If we take a white paper campaign as an example, many in Marketing will often assume that the leads are not being converted because the sales people have not followed them up, that in effect it is a sales problem. But it is actually a marketing problem because even if the sales team do follow-up these leads, the “leads” will not take their call. What is required is a new marketing approach.
Question 4: How can Relationship Marketing help?
Solution #1: Position Your Sales People as Thought Leaders
Prospects only want to form a relationship with sales people who can add value to them. This may be selfish but it’s also true.
The point is that your sales people need to be worth forming a relationship with. And how are prospects going to make that judgement call? The answer is that they will check out your sales people on LinkedIn, before they talk to them.
The onus is therefore on Marketing to strengthen the LinkedIn profiles of the sales people. Step 2 is to help the sales team further demonstrate their thought leadership by having them write or ghost write a series of articles that are worth reading.
Authors Note: Most people use LinkedIn articles and website blogs as part of an inbound strategy. My view is that since your target accounts are probably not looking for new solutions or suppliers, the real benefit of a LinkedIn profile / blog strategy is derived when a prospect decides to check you out.
This is the moment of truth. Will they determine that “you know what you’re talking about” and go on to accept your LinkedIn connection attempt or will they “move on by”?
Solution #2: Round Table Marketing
This is an excellent strategy when the marketing objective is to develop relationships. It is not nearly as effective when the round-table is a thinly disguised attempt to sell a product.
To run an effective round table marketing program, here are my top 4 tips:
- No PowerPoints – to facilitate useful discussion between industry peers and so add value to your prospects
- No Selling – of any kind. If you overtly attempt to sell, your target accounts may avoid you and your future events
- Have a “Drawcard” – either a client, an industry leader, a superb venue or all three
- Maximum of 10 to 12 delegates – so you can have a proper conversation
Authors Note: I’ll cover round-table marketing in a separate blog, but for additional information and a few tips, you can visit: https://www.strategymix.com/round-table-marketing/
Solution #3: Engineer Introductions
The most effective way to start a relationship is to be introduced. Sales people have been using references for a long time as a primary means to acquire Net New customers. But how can marketing help?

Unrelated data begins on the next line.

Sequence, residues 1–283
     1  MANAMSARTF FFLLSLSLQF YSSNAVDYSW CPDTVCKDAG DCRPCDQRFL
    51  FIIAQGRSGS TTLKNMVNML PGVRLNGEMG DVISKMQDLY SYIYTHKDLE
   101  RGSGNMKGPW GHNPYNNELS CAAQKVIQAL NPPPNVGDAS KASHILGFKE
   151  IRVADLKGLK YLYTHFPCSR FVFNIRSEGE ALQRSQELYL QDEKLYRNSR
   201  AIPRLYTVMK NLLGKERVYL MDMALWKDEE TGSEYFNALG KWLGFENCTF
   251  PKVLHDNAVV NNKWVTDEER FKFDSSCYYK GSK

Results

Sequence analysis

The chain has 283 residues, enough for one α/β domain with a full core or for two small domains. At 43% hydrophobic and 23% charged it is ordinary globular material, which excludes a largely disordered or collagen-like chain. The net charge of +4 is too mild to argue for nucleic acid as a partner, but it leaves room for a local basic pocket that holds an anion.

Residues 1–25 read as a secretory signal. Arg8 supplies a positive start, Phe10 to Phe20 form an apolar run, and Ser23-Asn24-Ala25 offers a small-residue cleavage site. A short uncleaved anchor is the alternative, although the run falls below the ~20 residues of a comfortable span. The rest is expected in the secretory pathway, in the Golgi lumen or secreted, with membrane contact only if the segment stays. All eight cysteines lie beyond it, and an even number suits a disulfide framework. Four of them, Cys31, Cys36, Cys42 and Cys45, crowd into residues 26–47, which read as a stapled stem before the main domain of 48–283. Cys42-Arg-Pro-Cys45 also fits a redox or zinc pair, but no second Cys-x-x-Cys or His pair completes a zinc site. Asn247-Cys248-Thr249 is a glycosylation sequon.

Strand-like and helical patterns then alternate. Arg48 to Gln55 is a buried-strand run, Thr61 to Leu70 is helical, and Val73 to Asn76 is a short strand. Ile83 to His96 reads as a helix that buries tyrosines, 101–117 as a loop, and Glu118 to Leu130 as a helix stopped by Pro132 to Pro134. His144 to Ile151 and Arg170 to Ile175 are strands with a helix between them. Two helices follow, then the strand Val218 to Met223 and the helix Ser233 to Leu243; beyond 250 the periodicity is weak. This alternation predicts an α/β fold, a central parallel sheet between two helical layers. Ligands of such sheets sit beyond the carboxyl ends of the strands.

Here are 2 options, both related to round-tables:
- Alliance Partners. One option is to run a round-table with an alliance partner. It is a case of I’ll invite my contacts and you invite yours. In this way, both parties are introduced to new contacts.
- Round Table Company Referrals. Here you run a round-table with a group of prospects, and then you run a second round-table a few months later, for other prospects within the same target accounts. Your initial delegates recommend your round-table to their colleagues, which expands your influence and enables you to form a stronger relationship with those target accounts.
Solution #4: LinkedIn Marketing
LinkedIn is obviously the number 1 business network website.
It is where your prospects will have listed themselves and there is a mechanism for you to connect with them. This marketing approach, just like junk mail and email spam is being abused but it’s still working, but only if your sales people have a strong LinkedIn profile.
Most sales people don’t have the time to do LinkedIn marketing properly as they are too busy looking after their existing clients and trying to close deals. LinkedIn Marketing is therefore a valid role for a marketing agent.
Authors Note: I’ll write a separate blog about LinkedIn Marketing as it is such a big topic.
Solution #5: Cut down on your Spam
If you think about it at all, you’ll reluctantly admit that a lot of your marketing is spam in the sense that a lot of the content that you send out to “educate the market” is being sent to prospects who have not been “carefully chosen”.
If you want to check the accuracy of this statement, ask your prospects.
Many marketers know – buried deep inside – that this is true, but they don’t know what else to do.
Well, now you do.
You adopt a relationship-focused, account-based marketing strategy.
You start by accepting that when it comes to responses, quality is better than quantity.
You then only email high value offers to carefully selected prospects.
Then you stop emailing or calling the rest of your database. It’s that simple.
Thank you for reading this blog. If you have any questions, please let me know.